Alaska Rockfish Fishing
Alaska Rockfish Fishing Como Trips
Crazy Rays Adventures offers Halibut and multi-species combo fishing charters.
On our daily charters we usually target rockfish at some point of the day and limits are almost always a daily occurrence.
Our primaryAlaska rockfish fishing target the black rockfish, however we have had excellent success at catching other species of rockfish as well.
There are up to 32 species of rockfish commonly found in Prince William Sound and they are spread all throughout the water column.
We have caught them right on the surface and all the way down to 1500’.
The black rockfish we target are normally found at depths less than 60’.
This makes it very nice on the anglers, as there is less effort involved in catching them. Size varies a bit from about 3 lbs up to about 8 lbs.
We try to go after the bigger one’s located out in the remote Gulf waters of Alaska and we have many days with most of the fish being 6-8 lbs.
To target black rockfish or black bass as they are commonly called in Alaska, we look for rocky structures that have lots of crooks and snags for them to either ambush their prey or utilize the structure for cover themselves.
They are commonly preyed upon by massive lingcod.
The food rich waters of Prince William Sound and the Gulf of Alaska have many areas that have large volcanic outcroppings that provides the necessary habitat to hold massive schools of these fish.
Sonar readings at times are almost blacked out from the sheer number of fish schooling under the boat.
We typically target Black rockfish (Pelagic), however it is not uncommon to catch Yellow eye Rockfish, (Non-Pelagic), as well.
The two species are not usually found together though and Yellow eye are most often found in deeper waters where as black bass are shallower.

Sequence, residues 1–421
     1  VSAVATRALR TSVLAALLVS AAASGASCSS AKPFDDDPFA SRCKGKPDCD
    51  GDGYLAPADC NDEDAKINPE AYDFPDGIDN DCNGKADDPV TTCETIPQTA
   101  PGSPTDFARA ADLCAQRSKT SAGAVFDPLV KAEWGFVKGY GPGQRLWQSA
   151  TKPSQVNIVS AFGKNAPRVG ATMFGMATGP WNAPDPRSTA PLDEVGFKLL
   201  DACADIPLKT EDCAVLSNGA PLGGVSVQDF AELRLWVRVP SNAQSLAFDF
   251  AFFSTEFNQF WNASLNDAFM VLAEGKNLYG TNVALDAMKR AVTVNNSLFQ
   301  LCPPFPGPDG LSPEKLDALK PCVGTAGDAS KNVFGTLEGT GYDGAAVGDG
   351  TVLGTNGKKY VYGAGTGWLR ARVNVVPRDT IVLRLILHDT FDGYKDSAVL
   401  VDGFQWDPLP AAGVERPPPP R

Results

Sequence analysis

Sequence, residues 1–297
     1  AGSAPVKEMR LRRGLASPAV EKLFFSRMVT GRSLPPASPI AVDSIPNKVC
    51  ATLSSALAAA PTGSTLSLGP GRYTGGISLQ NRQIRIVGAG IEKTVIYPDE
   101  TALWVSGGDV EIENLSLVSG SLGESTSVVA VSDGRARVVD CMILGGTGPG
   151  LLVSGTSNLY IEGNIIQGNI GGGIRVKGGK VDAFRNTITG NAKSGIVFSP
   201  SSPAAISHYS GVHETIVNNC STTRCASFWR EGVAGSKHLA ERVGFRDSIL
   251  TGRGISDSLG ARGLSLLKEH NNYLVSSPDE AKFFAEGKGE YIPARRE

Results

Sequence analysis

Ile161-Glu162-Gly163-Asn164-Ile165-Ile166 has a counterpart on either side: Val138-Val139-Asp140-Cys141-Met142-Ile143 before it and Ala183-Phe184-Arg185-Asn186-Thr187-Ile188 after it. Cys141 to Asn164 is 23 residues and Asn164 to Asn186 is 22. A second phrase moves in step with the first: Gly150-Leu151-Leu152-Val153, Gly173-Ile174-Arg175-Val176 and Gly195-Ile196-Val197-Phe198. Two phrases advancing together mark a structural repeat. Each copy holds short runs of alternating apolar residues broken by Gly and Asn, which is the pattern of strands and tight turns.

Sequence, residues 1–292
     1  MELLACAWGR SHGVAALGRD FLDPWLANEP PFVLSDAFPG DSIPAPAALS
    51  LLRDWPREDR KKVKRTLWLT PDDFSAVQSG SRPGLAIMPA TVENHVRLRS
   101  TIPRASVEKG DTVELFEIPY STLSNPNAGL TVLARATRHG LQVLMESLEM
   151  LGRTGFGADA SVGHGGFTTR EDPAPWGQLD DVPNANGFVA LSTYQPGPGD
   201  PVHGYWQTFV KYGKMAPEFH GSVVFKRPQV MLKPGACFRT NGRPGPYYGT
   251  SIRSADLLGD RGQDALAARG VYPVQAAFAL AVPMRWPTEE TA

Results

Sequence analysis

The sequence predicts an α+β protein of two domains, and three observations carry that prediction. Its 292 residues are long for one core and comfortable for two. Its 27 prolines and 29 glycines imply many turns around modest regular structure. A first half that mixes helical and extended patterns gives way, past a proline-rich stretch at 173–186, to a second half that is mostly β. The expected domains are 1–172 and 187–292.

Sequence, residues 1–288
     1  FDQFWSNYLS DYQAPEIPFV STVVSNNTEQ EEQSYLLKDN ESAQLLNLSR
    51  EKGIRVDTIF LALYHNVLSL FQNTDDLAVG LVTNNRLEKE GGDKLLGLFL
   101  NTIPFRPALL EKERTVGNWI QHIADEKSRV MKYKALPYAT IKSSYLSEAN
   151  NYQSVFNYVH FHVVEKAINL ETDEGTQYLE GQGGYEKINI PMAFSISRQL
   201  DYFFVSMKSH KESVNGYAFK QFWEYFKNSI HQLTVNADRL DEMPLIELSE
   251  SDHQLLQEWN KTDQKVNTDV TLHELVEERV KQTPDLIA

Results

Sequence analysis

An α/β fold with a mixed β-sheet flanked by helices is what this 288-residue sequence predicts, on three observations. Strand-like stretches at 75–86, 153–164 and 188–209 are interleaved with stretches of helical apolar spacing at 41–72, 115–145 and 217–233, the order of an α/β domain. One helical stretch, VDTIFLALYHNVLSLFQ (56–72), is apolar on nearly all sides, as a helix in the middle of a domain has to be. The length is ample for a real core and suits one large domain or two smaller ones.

Depths greater than 300′ are common for Yellow eye with the Black Bass being commonly found in less than 60′.
Alaska Rockfish Fishing Trips
Yellow eye rockfish are very prolific in Prince William Sound and we have great success at finding them when we are looking.
They are located in areas along our travel routes so if you want to catch them please let us know ahead of time so we can try to work it into the schedule for the day.
Because they are a very slow growing rockfish, the limits on them have been reduced to 2 per person per day. You must also retain the first 2 non-pelagic rockfish that you catch while fishing.
If you have reached your limit already have no fear as we have specially designed rockfish releasing tools on our boats.
These tools are made so we can release the rockfish at the depth it was caught at allowing the swim bladder of the rockfish to re-compress. This allows the rockfish to swim away unharmed.
The Toughest Gear for Alaska Rockfish Fishing
We use light action Okuma Fishing USA Cedros Speed Jig jigging rods in a 6’ MH action.
These rods have been designed specifically for jigging and they offer a sensitive tip for exceptional bite detection and a stiff backbone that can handle much abuse.